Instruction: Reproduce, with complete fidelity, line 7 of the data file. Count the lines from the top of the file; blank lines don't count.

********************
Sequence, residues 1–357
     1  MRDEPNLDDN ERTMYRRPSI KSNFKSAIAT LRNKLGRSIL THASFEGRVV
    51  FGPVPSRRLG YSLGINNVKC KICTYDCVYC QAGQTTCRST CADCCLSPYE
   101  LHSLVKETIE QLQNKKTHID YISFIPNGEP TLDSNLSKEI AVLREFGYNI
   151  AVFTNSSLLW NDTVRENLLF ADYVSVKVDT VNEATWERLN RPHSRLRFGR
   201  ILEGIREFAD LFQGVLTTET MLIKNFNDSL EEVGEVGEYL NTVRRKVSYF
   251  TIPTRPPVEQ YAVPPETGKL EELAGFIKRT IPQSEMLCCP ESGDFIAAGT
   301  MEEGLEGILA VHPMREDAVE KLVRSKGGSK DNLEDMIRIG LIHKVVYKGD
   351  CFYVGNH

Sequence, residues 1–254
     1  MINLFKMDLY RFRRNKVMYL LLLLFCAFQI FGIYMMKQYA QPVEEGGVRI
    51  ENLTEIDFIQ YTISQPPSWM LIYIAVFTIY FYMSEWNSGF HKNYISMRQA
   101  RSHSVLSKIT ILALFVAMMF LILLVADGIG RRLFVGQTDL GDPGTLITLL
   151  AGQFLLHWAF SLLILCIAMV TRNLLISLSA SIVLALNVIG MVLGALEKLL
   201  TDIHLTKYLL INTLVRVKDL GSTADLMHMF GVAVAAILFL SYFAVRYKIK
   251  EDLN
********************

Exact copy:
   251  TIPTRPPVEQ YAVPPETGKL EELAGFIKRT IPQSEMLCCP ESGDFIAAGT